Mexican breakfast – Huevos rancheros

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I have chosen the next international breakfast on my series to be Huevos Rancheros, based on the fact that I will be taking a flight to Mexico in less than a week. I am looks forward to trying as much Mexican food as possible and I am not afraid of a bit of more spice than I am used to.

 

What is Huevos Rancheros and where does it come from?

Huevos Rancheros is a simple dish coming from the rural parts of Mexico, where eggs are poached in spicy tomato sauce and served with tortillas, beans, rice, potatoes, and sometimes guacamole. Depending on the region you will find one or more additional items to the classic dish.

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Huevos Rancheros is considered a comfort food and it originated in the farmhouses of Mexico sometimes around the 16th century. There are many variations of Huevos Rancheros around the country. For example, in the Yucatan peninsula (where I will be going), you have huevos motulenos, which is very similar with the recipe I have cooked, with the add-on of black beans. In the Chihuahua desert the huevos divorciados are more popular, where the eggs are poached in both red and green salsa, divided in the pan by a “wall” of chilaquiles or refried beans, served with rice or papitas. In Oaxaca region, the huevos rancheros are often accompanied by plantains instead of rice and tortillas.

This breakfast has become very popular even in the Southern parts of the United States, where chefs have adapted it to the local cuisine by adding sour cream and lettuce.

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You might wonder why this breakfast is so filling? Because Mexico is a very hot country, especially around the desert, people would go to work the land way before sunrise, working for a few hours before returning home and gathering around the breakfast table. Back then, the breakfast used to be the most important meal of the day, hence it had to be substantial.

 

How to cook Huevos Rancheros?

I didn’t expect that it would be so easy to cook this recipe. You see, I can never get the poached eggs right and this is why I avoid making them. Having to poach them in tomato sauce scared me a bit.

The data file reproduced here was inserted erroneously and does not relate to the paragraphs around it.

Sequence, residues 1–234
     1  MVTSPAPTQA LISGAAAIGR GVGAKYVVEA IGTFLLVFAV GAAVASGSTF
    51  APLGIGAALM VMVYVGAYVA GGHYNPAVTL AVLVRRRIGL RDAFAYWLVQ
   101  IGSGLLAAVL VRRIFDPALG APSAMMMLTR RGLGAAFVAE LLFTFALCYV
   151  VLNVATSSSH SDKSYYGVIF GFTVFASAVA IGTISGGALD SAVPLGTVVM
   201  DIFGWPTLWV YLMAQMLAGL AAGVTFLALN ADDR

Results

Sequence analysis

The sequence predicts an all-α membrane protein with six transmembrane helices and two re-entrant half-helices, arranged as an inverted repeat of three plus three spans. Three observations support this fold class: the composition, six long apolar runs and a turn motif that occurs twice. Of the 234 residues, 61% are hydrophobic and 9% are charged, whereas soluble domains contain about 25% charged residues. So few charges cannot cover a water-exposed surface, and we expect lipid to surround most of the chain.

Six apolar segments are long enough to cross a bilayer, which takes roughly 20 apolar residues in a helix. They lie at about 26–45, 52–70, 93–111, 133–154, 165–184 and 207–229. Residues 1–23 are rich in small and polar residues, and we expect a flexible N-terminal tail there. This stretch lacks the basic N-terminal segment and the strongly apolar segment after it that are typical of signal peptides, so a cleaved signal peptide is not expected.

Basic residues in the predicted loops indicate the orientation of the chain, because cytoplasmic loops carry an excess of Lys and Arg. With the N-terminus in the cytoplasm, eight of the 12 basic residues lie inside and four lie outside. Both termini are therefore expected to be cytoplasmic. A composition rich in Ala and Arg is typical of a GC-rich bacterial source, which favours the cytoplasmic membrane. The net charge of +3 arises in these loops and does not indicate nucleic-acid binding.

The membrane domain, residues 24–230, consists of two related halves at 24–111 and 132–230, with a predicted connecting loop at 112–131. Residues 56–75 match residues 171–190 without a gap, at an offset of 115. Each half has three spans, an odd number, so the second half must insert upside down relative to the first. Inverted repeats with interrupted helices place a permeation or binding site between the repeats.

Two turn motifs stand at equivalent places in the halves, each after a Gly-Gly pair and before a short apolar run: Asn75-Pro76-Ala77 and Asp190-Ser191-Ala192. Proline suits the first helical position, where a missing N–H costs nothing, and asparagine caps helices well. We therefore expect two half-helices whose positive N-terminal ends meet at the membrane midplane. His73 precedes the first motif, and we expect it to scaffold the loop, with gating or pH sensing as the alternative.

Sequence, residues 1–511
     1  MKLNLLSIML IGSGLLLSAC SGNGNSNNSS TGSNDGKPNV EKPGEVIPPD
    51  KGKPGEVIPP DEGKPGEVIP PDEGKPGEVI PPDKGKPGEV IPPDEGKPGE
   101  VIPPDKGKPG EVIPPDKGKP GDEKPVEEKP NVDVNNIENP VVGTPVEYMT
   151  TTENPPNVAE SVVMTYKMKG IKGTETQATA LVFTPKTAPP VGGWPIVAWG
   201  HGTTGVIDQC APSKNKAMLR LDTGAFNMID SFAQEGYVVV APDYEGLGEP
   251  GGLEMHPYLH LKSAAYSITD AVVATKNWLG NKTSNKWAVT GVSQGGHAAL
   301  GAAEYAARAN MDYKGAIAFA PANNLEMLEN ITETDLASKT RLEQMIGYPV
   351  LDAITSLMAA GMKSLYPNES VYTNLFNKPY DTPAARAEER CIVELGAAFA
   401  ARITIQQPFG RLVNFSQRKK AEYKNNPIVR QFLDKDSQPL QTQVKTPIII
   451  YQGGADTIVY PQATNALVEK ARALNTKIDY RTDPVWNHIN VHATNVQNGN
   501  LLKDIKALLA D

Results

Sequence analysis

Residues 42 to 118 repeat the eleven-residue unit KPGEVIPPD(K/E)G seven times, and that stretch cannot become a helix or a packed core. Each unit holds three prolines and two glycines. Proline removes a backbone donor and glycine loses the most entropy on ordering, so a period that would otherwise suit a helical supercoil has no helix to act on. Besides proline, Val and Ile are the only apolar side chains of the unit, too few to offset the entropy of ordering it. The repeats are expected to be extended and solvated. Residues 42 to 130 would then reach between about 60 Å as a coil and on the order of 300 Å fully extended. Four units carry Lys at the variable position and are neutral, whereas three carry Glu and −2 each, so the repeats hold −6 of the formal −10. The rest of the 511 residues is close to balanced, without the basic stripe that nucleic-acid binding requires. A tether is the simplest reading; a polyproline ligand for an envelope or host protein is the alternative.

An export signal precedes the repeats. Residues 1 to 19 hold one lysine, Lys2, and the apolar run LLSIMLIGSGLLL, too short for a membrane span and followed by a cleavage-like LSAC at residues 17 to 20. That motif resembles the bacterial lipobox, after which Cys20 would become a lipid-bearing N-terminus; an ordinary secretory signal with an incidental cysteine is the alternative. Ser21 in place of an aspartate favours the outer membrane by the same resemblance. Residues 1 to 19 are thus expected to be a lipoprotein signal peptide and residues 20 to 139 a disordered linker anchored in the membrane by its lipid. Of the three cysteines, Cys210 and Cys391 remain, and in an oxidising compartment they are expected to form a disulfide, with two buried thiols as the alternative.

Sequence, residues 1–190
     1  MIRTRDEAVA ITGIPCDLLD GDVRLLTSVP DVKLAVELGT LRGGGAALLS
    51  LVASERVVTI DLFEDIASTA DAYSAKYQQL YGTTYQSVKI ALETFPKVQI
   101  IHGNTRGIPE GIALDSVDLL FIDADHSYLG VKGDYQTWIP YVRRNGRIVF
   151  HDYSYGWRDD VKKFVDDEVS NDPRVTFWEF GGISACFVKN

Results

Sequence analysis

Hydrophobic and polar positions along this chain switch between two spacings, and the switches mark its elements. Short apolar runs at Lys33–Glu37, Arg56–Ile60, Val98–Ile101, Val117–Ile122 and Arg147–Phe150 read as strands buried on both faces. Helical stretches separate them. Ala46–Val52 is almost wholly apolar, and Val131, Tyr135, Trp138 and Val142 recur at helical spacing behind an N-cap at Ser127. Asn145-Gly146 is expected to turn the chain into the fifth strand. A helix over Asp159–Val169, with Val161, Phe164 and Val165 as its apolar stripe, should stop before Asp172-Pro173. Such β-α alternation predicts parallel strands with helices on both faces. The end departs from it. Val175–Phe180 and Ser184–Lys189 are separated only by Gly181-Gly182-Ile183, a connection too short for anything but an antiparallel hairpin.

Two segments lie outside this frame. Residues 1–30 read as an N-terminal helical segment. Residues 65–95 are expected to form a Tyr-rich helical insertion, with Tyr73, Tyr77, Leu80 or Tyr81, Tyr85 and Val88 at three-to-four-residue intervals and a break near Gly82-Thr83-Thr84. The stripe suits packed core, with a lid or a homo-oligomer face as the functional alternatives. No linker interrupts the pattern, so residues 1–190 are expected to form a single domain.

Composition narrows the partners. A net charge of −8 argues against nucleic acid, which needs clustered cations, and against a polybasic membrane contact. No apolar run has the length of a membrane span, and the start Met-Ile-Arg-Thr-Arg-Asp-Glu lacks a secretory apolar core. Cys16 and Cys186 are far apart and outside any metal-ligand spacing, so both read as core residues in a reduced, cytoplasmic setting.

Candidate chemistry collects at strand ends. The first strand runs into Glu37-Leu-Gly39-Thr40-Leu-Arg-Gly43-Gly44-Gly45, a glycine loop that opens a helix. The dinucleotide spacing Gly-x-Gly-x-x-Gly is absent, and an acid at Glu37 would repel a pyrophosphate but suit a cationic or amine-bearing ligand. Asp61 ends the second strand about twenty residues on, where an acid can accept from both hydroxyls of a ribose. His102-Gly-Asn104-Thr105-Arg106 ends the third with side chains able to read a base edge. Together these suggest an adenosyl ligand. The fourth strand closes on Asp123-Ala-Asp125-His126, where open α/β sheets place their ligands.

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I have used Jamie Oliver’s recipe, adapting it a little bit to my own taste and cutting off the ingredients to make it for 2 people only.

To prepare this dish I have also used Stirr, sent to me by Uutensil to use in creating one of my recipes from the Breakfast Club. Stirr is a unique kitchen aid that helps stirring sauces, soups or gravy, giving your hands freedom to do something else. With Stirr you can be sure that your sauces won’t ever stick to the pot. With just a push of a button, Stirr can rotate itself traveling through the pan or pot, mixing the ingredients.

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Huevos Rancheros

Try this delicious Mexican breakfast based on spicy tomato sauce and poached eggs.

Course Breakfast
Cuisine Mexican
Prep Time 10 minutes
Cook Time 25 minutes
Total Time 35 minutes
Servings 2

Ingredients

  • 2 eggs
  • 1 onion
  • 1 red pepper
  • 1 clove garlic
  • 1 tin choppe tomatos
  • 1 Tomato
  • 1 Nora hot pepper
  • Grated cheese
  • Dill
  • Smoked chilly flakes
  • Bay leaf
  • Tortillas

Instructions

  1. Chop finely the onion, garlic and the pepper. Put them in a thick bottom pan drizzled with olive oil and let them soften up. Add the bay leaf and the smoked chilly flakes.

  2. After 15 minutes, when the pepper is soft, add the chopped tomatoes and wait for them to start boiling. Meanwhile slice the tomato thinly and add it on layers on top, together with the Nora hot pepper.

  3. When the mixture reaches the boiling temperature, make 2 holes into it with a spoon and crack the eggs into it. Cover the pan with a lid and let the eggs cook, for about 2 or 4 minutes.

  4. Meanwhile, warm up the tortillas in the microwave, as instructed on the package.

  5. When the eggs are ready top the tortillas with them, add grated cheese and dill on top, and serve hot. Enjoy!

Have you ever tried Huevos Rancheros? Would you give this recipe a go?

 

 

Disclaimer: Please note that this post has been written in collaboration with Uutensil.  

Some of the links on this website are “affiliate links.” This means that if you click on the link and do a purchase, I will receive an affiliate commission at no extra cost for you. This helps me keep my website running and continue to share my traveling knowledge with you. I thank you for booking your flights or hotels using the links on my website. Regardless, I only recommend products or services I use personally and believe will add value to my readers.

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